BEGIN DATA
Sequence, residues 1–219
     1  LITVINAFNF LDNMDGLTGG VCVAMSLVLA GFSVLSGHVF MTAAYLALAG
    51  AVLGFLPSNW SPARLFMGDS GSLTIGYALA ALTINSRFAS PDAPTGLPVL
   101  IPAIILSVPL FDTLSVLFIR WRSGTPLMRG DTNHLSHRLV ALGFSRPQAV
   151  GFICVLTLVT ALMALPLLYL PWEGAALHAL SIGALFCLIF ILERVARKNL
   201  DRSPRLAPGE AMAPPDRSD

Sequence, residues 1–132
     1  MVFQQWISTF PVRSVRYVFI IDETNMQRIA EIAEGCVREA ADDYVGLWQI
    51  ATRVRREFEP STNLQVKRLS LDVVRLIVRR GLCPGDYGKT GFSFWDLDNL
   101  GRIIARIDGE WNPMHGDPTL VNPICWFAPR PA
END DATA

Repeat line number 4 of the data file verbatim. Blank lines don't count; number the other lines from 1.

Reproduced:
   101  IPAIILSVPL FDTLSVLFIR WRSGTPLMRG DTNHLSHRLV ALGFSRPQAV